Financial markets are driving the world towards another Great Depression with incalcul by Flickr
Financial markets are driving the world towards another Great Depression with incalculable political consequences - The authorities, particularly in Europe, have lost control of the situation. They need to regain control and they need to do so now." George Soros, international financier, ( Does the Euro Have a Future?, New York Review of Books, September 15, 2011.)
"The [ financial ] crisis was not a failure of the free market system and the answer is not to try to reinvent that system...Government intervention is not a cure-all." President George W. Bush, Thursday November 13, 2008.
"There is no cause to worry. The high tide of prosperity will continue." Andrew W. Mellon, President Herbert Hoover's Secretary of the Treasury. September 1929.
"I believe that banking institutions are more dangerous to our liberties than standing armies. Already they have raised up a monied aristocracy that has set the government at defiance. The issuing power of money should be taken away from the banks and restored to the people to whom it properly belongs." Thomas Jefferson (1743-1826), 3rd U.S. President.
Presently, one has the net impression that today's governments, both in Europe and in the United States, have their fingers plugging the holes in the financial dike, but fear that the entire dam could collapse in the not too distant future with dire economic consequences.
Let's see if we can make sense of it all.
Let's say to begin with that most financial crises are the direct result of unsustainable debt levels relative to income that need to be wrung out of the
economic system. It has happened in the past ( notably in 1873, in 1907 and in
1931, for example ), and numerous times in developing countries, and it will
undoubtedly happen again in the future. The process is more often than not
always the same: some large banks, corporations, consumers or governments, take
on too much risky debt that becomes unsustainable when economic conditions
change, thus launching the entire economy into a devastating process of debt deflation.
Sometimes, it may take decades to overcome such a debt deflation and it usually creates an environment of economic stagnation [http://en.wikipedia.org/wiki/Economic_stagnation] when aggregate demand [http://en.wikipedia.org/wiki/Aggregate_demand] collapses.
What makes the current financial crisis so troublesome is not
only that debt levels are historically high for some countries, but also because
the usual instruments and procedures to reduce the debt burden, while doing the
least damage to the real economy, have been rendered inoperative, due to a large
extent, to the poisonous so-called financial "innovations" that have taken place
since 1999 in the general climate of wholesale financial deregulation.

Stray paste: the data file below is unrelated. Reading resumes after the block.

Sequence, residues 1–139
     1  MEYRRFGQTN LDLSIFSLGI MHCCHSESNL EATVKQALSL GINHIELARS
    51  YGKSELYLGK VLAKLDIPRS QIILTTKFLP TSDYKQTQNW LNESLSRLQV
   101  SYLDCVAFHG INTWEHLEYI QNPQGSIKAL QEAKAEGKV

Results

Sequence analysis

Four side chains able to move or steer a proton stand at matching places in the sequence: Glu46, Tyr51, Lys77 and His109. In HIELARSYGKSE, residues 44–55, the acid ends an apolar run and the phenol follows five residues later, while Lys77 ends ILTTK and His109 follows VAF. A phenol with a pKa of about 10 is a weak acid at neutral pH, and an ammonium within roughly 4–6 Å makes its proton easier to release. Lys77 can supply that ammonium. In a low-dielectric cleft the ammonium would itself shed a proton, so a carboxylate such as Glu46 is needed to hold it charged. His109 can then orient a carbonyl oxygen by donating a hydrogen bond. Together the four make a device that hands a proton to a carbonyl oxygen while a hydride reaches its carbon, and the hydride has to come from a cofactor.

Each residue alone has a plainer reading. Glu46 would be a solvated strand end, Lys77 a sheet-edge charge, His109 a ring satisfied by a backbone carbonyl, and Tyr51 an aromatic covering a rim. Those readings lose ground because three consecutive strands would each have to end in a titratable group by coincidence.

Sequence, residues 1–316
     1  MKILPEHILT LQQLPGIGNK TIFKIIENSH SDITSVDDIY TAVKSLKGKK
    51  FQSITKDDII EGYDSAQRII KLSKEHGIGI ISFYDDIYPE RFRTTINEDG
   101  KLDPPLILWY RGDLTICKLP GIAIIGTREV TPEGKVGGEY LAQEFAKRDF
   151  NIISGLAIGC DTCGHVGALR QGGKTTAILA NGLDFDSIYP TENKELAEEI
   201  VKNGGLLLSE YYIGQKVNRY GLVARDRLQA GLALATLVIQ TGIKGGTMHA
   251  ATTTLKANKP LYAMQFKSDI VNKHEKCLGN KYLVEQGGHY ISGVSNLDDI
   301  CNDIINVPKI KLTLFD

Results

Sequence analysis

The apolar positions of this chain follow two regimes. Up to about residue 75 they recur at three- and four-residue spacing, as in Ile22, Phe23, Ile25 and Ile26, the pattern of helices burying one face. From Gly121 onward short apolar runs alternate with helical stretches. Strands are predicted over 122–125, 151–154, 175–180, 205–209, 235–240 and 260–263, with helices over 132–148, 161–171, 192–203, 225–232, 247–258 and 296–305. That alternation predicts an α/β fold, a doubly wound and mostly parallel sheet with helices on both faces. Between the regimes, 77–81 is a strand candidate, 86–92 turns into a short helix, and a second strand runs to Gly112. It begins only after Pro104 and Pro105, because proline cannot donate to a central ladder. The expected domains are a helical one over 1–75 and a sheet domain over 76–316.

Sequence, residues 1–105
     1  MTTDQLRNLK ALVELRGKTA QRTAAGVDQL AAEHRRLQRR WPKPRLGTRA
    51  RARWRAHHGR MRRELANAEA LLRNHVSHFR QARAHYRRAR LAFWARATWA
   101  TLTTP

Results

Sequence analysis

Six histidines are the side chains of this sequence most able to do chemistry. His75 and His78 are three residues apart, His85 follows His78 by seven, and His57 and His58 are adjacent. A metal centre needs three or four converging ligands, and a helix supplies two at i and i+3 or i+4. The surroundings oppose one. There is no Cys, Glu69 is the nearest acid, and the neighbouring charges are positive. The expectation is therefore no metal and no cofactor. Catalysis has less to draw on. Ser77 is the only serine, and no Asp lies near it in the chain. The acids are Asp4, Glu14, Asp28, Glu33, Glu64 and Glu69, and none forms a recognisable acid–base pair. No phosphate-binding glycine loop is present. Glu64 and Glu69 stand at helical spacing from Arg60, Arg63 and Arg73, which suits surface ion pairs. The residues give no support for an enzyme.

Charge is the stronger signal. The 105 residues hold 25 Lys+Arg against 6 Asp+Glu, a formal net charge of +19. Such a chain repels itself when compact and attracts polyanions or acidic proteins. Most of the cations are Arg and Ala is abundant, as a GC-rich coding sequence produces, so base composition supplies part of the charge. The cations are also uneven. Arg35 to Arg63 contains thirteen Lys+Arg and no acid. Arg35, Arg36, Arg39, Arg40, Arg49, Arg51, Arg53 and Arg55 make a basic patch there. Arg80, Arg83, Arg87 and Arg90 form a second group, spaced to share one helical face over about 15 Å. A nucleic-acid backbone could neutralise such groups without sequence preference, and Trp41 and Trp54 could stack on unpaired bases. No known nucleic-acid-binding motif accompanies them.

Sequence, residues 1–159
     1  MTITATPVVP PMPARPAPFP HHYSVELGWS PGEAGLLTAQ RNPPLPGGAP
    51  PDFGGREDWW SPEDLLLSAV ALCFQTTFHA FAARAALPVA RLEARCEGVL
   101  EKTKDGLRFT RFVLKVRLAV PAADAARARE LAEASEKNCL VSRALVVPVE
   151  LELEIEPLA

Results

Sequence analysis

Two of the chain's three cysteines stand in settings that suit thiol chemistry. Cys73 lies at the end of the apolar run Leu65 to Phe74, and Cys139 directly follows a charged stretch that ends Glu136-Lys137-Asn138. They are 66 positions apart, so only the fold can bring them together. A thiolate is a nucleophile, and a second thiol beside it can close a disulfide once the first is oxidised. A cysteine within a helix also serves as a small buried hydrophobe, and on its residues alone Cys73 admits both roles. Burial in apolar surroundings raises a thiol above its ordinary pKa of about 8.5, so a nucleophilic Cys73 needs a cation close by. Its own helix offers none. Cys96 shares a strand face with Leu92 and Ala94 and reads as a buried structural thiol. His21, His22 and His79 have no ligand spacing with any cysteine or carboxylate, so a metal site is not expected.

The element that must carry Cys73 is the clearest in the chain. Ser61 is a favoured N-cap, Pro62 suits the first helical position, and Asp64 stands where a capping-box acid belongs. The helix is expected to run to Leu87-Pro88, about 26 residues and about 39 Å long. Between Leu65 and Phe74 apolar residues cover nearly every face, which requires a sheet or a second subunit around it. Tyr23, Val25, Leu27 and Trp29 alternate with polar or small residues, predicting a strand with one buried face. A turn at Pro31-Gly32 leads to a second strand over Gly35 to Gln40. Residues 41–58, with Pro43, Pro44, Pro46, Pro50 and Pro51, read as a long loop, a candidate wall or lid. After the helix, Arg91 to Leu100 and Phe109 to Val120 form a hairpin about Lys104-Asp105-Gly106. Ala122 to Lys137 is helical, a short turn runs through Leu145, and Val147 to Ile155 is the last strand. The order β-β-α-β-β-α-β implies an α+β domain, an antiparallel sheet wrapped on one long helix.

consequence, financial debt in many countries creates a sort of financial black
hole that siphons off money income and prevents it from being re-circulated back
into the economy. This creates a serious deficiency of demand when consumers spend less, when
corporations postpone investments, and when governments adopt austerity programs
that translates into low output growth, economic stagnation and high
[http://en.wikipedia.org/wiki/Depression_ [ (economics) ]
I have done this in the past, again, in 2006, and again, in 2007, and again and again in 2010, but obviously some politicians, both in Europe and in North America, don't seem to get it. Instead, they seem to think that fiscal austerity and lower taxes is all that it takes to stimulate the economy and lower unemployment. They cannot be more wrong in the current context. Such policies in an open economy are going to make things worse, much worse if they are applied over time.
Here is why:
Many governments had the imprudence of piling up debt upon debt over the last thirty years, but especially over the last ten years. There are four main causes for such a public binge of debt in many countries.
- First, in Europe, the creation of the Euro zone in 1999 induced some imprudent member countries to go deep into debt by taking advantage of the credibility of the euro and by issuing bonds in euros at favorable interest rates. There was, indeed, a widely held belief on the part of lenders and borrowers alike that the new monetary union provided an implicit guarantee of stability to the safety of the loans.
- Secondly, lenders were induced to lend large sums at low interest rates because
borrowers could avail themselves of a newly created financial instrument, the Credit
Default Swaps (CDS) that allowed them to take a low cost insurance against
an eventual default on their bonds. (By the way, the financial crises on both
sides of the Atlantic are closely linked due to the fact that some large U.S.
banks are heavily exposed to the European sovereign debt crisis as sellers of
credit default swaps.)
- Thirdly, the persistent large trade imbalances in the world
meant that some countries, such as mainland China (which joined the World Trade
Organization [http://en.wikipedia.org/wiki/World_Trade_Organization] in
December 2001), piled up tremendous external trade surpluses and their excess
funds became available to foreign borrowers. Indeed, large international banks
found it most profitable to channel these newly created funds to willing
sovereign borrowers around the world.